Google has reportedly refused to allow an NHS-recommended app for treating Type 1 diabetes to deliver text message notifications to the parents of young children who use it.  

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Google Blocks App for Diabetes

In the United Kingdom, over 400,000 people have type 1 diabetes, a condition in which the body is unable to generate insulin, the hormone that regulates blood sugar levels. Then in the United States, over 120 million Americans suffer from diabetes and is expected to rise up, per Tech Times. To help people manage this health condition, Camdiab developed CamApsFx, which sends SMS to parents when their children’s glucose levels go outside of typical limits.

But there’s one problem; Google has refused to allow this NHS-recommended app for treating Type 1 diabetes to notifications to parents of young children using it. Google barred it from the Play Store for two years, claiming that the SMS service was not an “essential feature.”

Camdiab appealed for the notifications to be available, but in response, Google stated that it does not allow any apps other than the device’s official text message app to send SMS messages. With this, Camdiab initially decided to make the app exclusively accessible on Android smartphones through the Amazon app store.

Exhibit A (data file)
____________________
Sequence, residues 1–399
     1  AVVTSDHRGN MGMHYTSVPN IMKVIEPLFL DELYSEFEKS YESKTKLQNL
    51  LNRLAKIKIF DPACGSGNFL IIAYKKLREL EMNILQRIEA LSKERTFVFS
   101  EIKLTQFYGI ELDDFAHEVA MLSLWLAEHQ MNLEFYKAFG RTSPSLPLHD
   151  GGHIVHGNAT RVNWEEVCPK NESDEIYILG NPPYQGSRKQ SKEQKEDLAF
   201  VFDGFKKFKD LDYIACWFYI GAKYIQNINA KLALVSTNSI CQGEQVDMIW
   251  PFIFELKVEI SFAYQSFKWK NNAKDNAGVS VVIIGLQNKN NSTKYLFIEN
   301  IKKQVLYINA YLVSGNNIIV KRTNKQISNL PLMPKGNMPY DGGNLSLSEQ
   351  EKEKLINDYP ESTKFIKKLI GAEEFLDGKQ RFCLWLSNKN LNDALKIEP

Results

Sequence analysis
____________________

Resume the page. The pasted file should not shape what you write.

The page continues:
Today, the app is now made available on Google Play, but the SMS must be delivered through Bluetooth, but only to nearby devices. So instead of making the communications available through Google’s functionality, it employs a cloud provider and pays for each one separately.

Also Read: Diabetes Affects Millions Across the U.S., DreaMed Makes Treatment More Effective

What this App Does

This app for Diabetes works in unison with a glucose monitor and an insulin pump to form an artificial pancreas. With this feature, it can measure glucose levels as well as give the appropriate quantity of insulin via the pump, and the app utilizes artificial intelligence to estimate how much will be needed.

In a report from BBC, Professor Roman Hovorka from Cambridge University said “Quite often we see people with a young child on the app sending texts to two, three or four adults – to grandmas and others.”

CamAps FX was developed by Cambridge University scientists over a 15-year period. This was the first app of its kind to gain approval from the NHS for use by youngsters as young as one and pregnant women suffering from Diabetes.

But it has its limitations since it is a hybrid closed loop system. Meaning, child users’ parent or guardian must still deliver insulin during mealtimes. Other than that, the algorithm operates on its own the rest of the time.

Professor Hovorka stated that people liked the app because of its digital ease, and it has grown in popularity among diabetics, particularly youngsters. With its sync notifications, parents of diabetic children find the app beneficial. 

Needless to say, Google may have restricted the notification feature, but Camdiab has taken measures to guarantee that consumers may utilize it.

Related Article: Human Stem Cells Experiment Cures Diabetes on Mice; Can It Be Used for People Soon?

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Written by Thea Felicity

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